The Parthenon

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Editorial: Police layoffs could stunt Huntington progress


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Huntington is going through what many are calling a sort of renaissance. With a rejuvenating downtown, enrollment enlarging at Marshall ever year, and the university and city working together to combat the drug epidemic, that has stifled the growth of Huntington for years.

Huntington is becoming the Jewel city once again. Much of that can attributed to the efforts that the Huntington Police and Fire Department have made in the past few years.

Back in September Huntington saw 26 overdoses in the span of just four hours. There are few small cities such as Huntington and Charleston that are equipped to address a crisis such as that.

Crisis is the exact word for something as horrific as the opiate problem that Huntington is facing. But with programs such as Gro Huntington, Recovery Point, and the Huntington Health Center steps to combat this issue are all around.

Often though these addicts need influences by the police and fire department to give them that realization to get clean. These departments are often the difference between life or death for someone overdosing.

As students, we depend on them to keep us safe from crime in the surrounding area. Already this semester we’ve seen two robberies at the 7/11 across from Freshman South.

Thursday morning it was announced both the Police and Fire department would lay off a combined 24 city employees. Eleven of the 24 were Police officers, this will drop the department back to a staggeringly low staff.

Not since 2002, has the HPD been at such a low number. According to Mayor Steve Williams office, these cut backs will reduce the budget deficit to $2.2 million.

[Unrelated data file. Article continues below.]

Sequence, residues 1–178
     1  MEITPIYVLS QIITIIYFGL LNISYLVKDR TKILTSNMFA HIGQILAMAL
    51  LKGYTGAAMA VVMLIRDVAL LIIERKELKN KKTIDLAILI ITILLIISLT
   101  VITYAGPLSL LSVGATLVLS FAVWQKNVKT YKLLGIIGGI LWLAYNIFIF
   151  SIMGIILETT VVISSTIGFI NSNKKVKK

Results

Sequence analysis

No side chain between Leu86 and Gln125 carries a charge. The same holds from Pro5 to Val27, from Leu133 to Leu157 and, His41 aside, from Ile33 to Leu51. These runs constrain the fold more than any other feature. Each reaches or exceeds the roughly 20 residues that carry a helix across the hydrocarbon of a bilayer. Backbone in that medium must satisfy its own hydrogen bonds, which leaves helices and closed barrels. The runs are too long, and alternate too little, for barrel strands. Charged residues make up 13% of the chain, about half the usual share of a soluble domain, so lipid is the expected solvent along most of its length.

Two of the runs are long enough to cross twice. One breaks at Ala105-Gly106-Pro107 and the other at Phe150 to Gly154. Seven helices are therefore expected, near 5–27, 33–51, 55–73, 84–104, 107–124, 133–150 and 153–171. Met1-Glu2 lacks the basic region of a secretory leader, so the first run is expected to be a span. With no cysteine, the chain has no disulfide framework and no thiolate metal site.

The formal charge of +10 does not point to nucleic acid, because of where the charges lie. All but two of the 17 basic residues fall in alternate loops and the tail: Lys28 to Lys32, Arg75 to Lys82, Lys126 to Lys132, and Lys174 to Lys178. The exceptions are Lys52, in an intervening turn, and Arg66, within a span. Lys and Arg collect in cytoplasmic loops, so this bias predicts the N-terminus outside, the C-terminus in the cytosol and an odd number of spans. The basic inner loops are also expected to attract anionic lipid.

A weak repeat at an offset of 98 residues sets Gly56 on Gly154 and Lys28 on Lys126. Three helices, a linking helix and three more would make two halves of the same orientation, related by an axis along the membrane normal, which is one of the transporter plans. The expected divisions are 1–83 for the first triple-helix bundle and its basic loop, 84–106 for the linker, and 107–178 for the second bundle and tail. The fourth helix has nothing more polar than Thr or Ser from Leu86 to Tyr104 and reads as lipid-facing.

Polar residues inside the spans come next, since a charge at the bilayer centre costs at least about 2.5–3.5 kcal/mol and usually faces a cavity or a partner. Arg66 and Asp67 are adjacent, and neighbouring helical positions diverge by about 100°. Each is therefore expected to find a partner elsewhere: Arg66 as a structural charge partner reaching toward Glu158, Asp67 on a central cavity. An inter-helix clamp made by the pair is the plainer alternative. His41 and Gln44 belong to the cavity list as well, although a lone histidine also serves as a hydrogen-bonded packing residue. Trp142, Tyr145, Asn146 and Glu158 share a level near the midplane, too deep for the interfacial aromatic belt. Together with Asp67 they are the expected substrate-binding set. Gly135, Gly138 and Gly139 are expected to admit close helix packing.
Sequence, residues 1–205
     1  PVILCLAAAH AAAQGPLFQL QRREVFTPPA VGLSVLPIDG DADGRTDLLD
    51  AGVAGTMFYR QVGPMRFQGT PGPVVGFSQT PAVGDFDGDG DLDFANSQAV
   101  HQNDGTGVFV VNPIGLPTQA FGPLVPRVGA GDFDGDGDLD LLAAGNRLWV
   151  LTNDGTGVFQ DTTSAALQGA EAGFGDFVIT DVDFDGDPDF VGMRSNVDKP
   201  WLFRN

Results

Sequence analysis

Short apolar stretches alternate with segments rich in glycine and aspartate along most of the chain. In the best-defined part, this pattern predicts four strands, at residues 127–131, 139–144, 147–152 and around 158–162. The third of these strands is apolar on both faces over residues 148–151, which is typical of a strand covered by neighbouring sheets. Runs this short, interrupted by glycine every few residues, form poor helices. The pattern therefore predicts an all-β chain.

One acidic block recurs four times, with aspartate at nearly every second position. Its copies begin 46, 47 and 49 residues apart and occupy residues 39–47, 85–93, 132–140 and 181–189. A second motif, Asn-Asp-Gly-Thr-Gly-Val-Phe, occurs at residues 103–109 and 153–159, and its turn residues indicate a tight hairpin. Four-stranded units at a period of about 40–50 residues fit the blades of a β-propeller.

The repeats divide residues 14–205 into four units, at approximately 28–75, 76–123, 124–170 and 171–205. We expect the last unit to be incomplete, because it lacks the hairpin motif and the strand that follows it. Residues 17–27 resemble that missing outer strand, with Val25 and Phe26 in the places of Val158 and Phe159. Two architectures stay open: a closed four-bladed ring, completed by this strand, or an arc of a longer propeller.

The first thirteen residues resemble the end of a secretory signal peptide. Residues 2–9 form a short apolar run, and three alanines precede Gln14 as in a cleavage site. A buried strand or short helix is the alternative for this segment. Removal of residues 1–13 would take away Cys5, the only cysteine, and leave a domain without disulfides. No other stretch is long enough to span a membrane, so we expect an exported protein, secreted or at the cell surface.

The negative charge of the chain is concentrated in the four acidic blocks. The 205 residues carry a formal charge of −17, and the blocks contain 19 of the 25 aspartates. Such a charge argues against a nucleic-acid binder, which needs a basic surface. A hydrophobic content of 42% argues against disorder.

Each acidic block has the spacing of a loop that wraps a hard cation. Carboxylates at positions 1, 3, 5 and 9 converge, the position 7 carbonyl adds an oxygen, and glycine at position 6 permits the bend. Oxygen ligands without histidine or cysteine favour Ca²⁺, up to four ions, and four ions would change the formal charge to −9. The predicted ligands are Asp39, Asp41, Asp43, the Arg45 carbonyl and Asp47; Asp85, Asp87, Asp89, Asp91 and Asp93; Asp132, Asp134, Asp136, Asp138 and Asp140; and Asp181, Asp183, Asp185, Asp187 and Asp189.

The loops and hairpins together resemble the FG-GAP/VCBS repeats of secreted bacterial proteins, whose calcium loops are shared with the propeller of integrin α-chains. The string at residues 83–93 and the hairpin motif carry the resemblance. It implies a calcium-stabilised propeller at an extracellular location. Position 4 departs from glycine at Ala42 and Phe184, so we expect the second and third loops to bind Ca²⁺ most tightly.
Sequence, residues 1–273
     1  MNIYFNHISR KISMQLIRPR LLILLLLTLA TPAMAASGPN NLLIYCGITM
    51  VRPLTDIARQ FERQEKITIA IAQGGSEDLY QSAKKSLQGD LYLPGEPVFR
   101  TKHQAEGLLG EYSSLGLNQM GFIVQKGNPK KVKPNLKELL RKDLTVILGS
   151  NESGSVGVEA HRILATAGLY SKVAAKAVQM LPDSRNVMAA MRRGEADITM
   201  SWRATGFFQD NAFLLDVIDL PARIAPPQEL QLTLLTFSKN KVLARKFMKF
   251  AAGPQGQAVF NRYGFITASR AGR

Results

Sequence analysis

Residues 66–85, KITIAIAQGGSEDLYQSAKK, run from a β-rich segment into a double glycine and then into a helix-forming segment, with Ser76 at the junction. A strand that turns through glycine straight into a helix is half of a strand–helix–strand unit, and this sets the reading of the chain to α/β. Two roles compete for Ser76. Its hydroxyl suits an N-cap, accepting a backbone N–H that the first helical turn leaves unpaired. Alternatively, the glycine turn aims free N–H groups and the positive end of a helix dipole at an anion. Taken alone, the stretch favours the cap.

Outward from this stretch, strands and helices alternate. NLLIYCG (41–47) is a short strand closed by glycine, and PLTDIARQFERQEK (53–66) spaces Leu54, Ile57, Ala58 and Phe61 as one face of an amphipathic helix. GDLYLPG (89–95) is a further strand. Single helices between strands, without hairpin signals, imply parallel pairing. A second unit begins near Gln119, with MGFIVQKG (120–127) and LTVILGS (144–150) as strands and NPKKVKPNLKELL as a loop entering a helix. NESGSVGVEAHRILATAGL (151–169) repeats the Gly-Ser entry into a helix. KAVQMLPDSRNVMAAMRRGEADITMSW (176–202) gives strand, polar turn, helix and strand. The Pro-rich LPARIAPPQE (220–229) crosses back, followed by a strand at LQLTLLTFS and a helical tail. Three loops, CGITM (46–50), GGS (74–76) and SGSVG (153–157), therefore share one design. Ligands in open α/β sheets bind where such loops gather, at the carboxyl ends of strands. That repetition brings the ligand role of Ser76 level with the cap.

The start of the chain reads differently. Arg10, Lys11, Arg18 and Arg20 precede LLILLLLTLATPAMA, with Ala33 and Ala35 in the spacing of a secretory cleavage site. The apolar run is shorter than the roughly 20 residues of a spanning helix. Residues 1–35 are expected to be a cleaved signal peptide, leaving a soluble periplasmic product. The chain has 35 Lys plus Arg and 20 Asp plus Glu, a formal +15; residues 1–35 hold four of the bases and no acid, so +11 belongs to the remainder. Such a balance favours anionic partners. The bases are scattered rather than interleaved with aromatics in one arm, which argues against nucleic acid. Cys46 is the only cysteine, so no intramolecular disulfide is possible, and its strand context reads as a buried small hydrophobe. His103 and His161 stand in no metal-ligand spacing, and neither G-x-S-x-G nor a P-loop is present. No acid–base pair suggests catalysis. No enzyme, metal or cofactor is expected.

Williams has come under fire for not giving better warning that the city was struggling so much. Last week at the Huntingtin city council meeting some officers even called for the impeachment of Williams and the entire city council.

This past November, Williams was reelected for another four years. Williams prior to this had been commended for the cleaning up of Huntington and the making huge efforts in fighting the opiate crisis, having spoken and met with representatives at the federal level.

“We have made every effort to save as many jobs as possible and continue providing essential services,” Williams said. “These actions will not resolve all of our budget issues. We know we will be managing our way out of this for the next 18 months with the primary objective of avoiding further reductions in force. Our residents expect and deserve world-class service, and as we continue to address these financial constraints, we will implement procedures to ensure this cannot happen again.”

Not only did 24 people lose their jobs, but the progress the city had been making may be put on hold or even reverted. Only time will tell, but for now the Mayor’s main focus should be on digging Huntington out of this deficit, because this not only hurts the city but inevitably it will hurt Marshall as well.

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